Tips For Starting New Business

Thursday, April 23, 2009, PM | Leave Comment

Thinking about starting a business? Make sure you can handle the stress and the strain – financial, physical and psychological. If you can overcome these fears – for some they are just that – along the way, the rewards might be greater than the job you were working at.

For some people, entrepreneurship is the best option around, a way to build wealth and do something you love without answering to somebody else. But it’s also a huge financial gamble – and some people, unfortunately, will discover sooner than later that it was not the right fit for them.

Here are some questions to ask to see whether you are up for the challenge of entrepreneurship.

  • Are you willing to sacrifice your lifestyle?

    Creating a successful start-up often entails putting in workweeks of 60 hours or more and funneling any revenue you can spare back into the business. Entrepreneurs frequently won’t pay themselves a livable salary in the early years and will forgo real vacations until their business is financially sound.

    A few years ago, I owned a convenience store. I was putting in at least 15 hours a day for 6 days a week and on Sunday, I worked only 10 hours. I would look forward to Sunday when I was home by 8:00 in the evening.

    Having no income for potentially a couple of years or very little, you have to be extremely frugal. That means no eating out, no vacation and no new clothes.

  • Are you able to bear great financial risk?

    Roughly half of all start-ups close within five years, so you must calculate your financial risks that come with owning a business – and realize that you could very well lose a sizable chunk of your net worth. Banks often won’t lend to start-up founders without a proven track record. When they do, they generally require the founders to guarantee the loan or credit line with their personal savings or home.

  • Is your spouse also on board?

    Failed ventures frequently break up marriages, and even successful ones can cause lots of stress, because entrepreneurs devote so much time and money to the business. You can avoid the heartache by talking at length with your spouse and family about how the business will affect home life, including the time commitment, changes in daily schedules and chores, financial risks and sacrifices. They must also understand the huge financial gamble they are making with you.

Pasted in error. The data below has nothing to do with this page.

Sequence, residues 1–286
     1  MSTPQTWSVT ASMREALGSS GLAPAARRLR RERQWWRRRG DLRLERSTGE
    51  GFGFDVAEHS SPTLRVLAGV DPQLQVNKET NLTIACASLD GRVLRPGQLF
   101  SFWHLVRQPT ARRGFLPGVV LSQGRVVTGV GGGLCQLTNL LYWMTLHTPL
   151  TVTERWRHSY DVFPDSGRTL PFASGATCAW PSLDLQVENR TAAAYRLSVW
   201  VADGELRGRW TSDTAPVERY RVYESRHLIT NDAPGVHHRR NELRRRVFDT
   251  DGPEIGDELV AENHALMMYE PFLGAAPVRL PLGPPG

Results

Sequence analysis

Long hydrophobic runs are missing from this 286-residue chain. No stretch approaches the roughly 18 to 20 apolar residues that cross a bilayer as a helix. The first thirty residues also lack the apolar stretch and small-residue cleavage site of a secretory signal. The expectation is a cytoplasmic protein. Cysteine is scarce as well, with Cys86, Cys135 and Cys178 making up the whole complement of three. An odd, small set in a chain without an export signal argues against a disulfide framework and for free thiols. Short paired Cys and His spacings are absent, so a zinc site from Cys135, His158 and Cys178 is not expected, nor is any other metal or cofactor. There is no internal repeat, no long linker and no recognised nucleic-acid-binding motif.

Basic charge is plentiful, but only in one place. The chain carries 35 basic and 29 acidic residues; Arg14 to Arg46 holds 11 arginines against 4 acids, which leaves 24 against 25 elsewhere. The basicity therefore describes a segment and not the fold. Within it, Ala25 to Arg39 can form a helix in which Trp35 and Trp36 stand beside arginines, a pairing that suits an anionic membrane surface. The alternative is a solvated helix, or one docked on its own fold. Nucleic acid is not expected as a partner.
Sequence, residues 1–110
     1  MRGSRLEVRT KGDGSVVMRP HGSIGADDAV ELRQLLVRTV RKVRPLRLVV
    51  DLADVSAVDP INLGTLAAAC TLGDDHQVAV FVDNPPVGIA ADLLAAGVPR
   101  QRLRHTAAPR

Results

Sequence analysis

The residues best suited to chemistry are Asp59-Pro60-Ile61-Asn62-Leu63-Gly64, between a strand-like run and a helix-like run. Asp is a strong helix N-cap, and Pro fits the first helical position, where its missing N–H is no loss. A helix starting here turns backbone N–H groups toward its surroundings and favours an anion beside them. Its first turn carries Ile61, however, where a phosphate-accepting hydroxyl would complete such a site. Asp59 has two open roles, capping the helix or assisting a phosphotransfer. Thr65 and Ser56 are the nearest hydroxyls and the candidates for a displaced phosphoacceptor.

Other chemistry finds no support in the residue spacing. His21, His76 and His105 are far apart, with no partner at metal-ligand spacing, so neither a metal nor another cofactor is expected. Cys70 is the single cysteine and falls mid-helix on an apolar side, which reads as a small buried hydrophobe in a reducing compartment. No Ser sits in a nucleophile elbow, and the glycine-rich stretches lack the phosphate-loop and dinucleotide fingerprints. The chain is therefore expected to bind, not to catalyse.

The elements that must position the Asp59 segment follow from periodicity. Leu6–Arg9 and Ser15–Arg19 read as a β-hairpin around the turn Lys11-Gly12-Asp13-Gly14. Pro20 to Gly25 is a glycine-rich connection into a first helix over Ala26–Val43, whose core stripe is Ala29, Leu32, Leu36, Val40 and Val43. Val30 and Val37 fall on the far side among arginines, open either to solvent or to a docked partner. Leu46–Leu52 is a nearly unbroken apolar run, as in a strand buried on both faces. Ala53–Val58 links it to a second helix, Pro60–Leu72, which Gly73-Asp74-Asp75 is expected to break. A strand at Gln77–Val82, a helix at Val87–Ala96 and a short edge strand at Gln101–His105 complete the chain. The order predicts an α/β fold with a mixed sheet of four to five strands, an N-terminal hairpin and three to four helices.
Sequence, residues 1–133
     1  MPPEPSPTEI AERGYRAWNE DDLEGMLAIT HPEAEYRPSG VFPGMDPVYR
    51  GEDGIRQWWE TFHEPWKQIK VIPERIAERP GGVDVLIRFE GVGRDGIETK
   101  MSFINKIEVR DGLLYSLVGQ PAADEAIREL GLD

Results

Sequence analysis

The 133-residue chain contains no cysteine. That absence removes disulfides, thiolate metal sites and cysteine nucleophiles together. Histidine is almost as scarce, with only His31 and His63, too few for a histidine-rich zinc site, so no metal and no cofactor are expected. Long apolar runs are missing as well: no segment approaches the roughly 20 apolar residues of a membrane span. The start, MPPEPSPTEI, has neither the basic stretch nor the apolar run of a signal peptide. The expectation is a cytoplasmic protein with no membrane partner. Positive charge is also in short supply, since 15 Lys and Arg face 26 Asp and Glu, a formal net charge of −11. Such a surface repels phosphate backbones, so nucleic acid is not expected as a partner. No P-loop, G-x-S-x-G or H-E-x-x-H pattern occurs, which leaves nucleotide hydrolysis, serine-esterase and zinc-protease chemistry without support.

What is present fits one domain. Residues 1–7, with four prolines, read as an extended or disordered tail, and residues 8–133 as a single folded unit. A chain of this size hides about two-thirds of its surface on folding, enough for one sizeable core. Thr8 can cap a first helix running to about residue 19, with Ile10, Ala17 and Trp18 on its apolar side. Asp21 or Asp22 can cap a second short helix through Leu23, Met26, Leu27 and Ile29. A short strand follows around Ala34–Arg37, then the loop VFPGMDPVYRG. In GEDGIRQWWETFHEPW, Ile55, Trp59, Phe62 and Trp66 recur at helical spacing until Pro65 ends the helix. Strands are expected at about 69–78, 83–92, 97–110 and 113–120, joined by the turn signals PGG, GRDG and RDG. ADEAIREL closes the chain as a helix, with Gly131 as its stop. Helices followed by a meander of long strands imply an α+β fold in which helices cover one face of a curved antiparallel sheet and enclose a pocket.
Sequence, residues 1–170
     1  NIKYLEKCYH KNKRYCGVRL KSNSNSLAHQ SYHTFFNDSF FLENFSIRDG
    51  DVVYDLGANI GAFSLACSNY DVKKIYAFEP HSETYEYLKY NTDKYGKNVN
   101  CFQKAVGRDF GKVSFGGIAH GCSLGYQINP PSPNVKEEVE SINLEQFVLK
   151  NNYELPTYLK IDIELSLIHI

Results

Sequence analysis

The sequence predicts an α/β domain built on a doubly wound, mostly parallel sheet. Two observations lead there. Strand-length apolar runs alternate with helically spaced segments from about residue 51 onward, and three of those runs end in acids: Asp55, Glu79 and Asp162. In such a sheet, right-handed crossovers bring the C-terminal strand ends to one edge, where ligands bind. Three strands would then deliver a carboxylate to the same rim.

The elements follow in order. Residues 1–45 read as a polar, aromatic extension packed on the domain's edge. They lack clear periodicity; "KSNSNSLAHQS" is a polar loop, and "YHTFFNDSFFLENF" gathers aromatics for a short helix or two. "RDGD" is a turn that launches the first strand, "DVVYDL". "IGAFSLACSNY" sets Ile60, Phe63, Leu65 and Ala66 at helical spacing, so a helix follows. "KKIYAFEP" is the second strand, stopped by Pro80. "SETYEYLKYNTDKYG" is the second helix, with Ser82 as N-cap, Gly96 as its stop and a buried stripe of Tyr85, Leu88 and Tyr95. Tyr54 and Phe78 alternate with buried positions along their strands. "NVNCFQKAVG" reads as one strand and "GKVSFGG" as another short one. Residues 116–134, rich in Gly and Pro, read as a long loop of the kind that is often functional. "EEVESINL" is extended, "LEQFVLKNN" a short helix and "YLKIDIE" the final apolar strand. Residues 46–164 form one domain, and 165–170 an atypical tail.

• Do you like to be your own boss?

    In the early stages of a business, founders are often expected to handle everything from billing customers to hiring employees to writing marketing materials. Some new entrepreneurs become annoyed that they are spending the majority of their time on administration when they would rather be focused on the part of the job they enjoy.

  • Are you comfortable making decisions on the fly?

    With a new business, you are make all the big decisions – and there are a lot of decisions to be made without any guidance. You might not be used to that if you have spent years working in corporate America.

  • Did you ever execute your ideas before and successfully?

    One of the biggest differences between successful entrepreneurs and everyone else is their ability to implement their ideas. Examine your past objectively to see whether you have assumed leadership roles or initiated solo projects.

  • Are you aggressive enough?

    Nearly every step of the way, entrepreneurship relies on selling. You will have to sell your idea to lenders or investors. If you don’t think you are very convincing or have difficulty communicating your ideas, you might want to reconsider starting your own company – or think about getting some help.

  • Do you have an idea you are passionate about?

    It’s usually wise to find a business in an industry you are very familiar with; it will be much harder to succeed if you know little about the field. And you must be passionate about it so you don’t get bored with it down the road.

  • Are you a self-starter?

    You must realize that if you fail, you don’t get discouraged. You get up and start with another idea. You must be highly creative, energetic, impatient and very persistent – traits that help you persevere even when others lose faith.

  • Do you have a business partner?

    Finding a business partner who compensates for your shortcomings – and has equal enthusiasm for the business concept – can help mitigate the risks and even boost the odds of success. If you like to take risks and be in the spotlight, for instance, you might choose a cautious partner who prefers to work in the back room.

In a Nutshell
You have to ask yourself so many questions. Ask for help from family, friends, colleagues. Sometimes, you get an idea from others.

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